Friday, June 13, 2014

Standing on One's Nose

Tonic.  Dominant.  Standard theoretical vocabulary.

Useful terms?  It all depends.

Yesterday the limits of their usefulness were tested so beautifully that I hope I will never recover from the shock.  It came via the natural horn in E-flat morphing from its B-flat, one of its happiest tones, to A-flat, one of its least possible tones, into my entrance on B-flat.

The temptation is overwhelming to enter boldly on what is, after all, the dominant in E-flat, the tonality of the piece.  But yesterday I chose instead to match rather than "correct" the quality of the horn's falset A-flat.  The difference was staggering.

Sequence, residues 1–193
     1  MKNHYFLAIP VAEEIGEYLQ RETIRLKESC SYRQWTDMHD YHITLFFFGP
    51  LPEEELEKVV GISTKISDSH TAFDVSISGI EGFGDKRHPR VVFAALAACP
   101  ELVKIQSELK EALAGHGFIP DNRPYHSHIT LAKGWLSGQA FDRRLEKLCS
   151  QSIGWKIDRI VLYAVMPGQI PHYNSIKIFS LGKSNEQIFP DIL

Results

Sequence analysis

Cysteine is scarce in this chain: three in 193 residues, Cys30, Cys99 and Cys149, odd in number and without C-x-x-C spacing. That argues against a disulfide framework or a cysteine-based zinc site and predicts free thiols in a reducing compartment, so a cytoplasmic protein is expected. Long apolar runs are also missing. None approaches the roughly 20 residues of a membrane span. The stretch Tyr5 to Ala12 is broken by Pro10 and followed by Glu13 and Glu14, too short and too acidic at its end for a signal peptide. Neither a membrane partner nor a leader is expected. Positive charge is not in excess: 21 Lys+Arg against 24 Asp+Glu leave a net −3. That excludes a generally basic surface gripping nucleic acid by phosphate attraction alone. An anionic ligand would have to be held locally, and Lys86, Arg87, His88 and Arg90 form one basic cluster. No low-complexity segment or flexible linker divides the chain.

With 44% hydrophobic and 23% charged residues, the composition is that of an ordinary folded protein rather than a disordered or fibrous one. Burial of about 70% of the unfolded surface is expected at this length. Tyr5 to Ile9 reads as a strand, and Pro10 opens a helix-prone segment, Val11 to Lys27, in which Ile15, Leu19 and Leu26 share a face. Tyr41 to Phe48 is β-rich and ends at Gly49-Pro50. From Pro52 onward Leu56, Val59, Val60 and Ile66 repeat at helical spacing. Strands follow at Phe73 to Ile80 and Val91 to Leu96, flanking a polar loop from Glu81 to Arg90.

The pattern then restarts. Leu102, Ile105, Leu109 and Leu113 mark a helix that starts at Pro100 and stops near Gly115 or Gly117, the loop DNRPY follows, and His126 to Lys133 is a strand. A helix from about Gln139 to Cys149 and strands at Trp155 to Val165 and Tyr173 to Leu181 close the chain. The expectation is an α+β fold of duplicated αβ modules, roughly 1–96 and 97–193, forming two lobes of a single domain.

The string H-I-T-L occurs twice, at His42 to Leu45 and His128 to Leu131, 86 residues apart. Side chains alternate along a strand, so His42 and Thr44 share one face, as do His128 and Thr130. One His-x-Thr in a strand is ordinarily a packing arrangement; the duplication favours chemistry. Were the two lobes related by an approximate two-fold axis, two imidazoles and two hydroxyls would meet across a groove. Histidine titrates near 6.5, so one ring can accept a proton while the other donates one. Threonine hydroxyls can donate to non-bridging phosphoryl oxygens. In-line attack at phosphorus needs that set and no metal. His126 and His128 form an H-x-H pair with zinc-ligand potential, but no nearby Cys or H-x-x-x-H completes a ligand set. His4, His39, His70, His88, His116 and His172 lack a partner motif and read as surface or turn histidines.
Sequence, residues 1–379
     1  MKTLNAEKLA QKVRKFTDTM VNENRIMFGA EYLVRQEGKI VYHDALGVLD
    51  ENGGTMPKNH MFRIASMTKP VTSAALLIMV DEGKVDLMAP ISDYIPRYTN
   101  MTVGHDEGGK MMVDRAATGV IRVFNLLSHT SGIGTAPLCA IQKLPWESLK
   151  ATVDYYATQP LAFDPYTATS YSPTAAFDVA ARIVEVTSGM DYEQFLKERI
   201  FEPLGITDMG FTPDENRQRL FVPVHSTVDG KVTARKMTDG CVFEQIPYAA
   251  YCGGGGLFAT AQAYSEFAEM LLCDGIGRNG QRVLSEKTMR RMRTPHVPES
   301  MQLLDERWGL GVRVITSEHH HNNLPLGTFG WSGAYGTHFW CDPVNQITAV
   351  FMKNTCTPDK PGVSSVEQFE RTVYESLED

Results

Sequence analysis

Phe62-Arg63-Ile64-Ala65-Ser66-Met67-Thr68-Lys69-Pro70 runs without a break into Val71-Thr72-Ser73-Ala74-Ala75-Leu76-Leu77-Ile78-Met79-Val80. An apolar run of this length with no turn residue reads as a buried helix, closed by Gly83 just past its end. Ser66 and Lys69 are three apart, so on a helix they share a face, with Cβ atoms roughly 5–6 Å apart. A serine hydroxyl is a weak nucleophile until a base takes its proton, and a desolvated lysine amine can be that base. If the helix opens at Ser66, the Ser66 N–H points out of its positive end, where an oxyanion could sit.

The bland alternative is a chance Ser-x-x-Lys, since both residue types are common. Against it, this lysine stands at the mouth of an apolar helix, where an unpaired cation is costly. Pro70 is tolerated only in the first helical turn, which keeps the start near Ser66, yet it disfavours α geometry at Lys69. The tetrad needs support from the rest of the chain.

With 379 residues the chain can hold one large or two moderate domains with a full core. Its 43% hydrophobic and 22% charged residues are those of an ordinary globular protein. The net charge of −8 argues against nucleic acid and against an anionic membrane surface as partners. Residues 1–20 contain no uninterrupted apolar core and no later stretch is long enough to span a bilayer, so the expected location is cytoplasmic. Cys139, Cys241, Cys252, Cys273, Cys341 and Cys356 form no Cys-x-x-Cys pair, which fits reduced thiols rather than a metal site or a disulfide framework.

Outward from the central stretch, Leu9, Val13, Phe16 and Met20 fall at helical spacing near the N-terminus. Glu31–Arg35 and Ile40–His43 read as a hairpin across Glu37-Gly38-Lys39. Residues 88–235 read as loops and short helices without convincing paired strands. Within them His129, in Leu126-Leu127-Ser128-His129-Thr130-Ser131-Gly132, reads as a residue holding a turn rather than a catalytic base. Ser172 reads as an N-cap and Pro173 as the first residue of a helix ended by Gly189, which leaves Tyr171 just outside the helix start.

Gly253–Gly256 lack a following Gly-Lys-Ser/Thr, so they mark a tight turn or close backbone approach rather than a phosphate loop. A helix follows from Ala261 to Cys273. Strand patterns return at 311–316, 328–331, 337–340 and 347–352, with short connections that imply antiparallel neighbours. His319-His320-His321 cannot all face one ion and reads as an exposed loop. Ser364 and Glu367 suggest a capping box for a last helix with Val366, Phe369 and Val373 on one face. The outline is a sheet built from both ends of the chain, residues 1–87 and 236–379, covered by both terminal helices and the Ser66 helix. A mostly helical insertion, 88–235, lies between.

Played on a modern horn this situation would not arise.  A-flat? No problem!  But Brahms stipulated Waldhorn (i.e., natural horn) for his Trio Op. 40 for Horn, Violin, and Piano.  And this must be the reason why:  The acoustical specificity of this most fragile instrument dictates meaning, not the theoretical function we hide behind so that we don't have to listen.

The art of music is, after and before all, listening, not playing.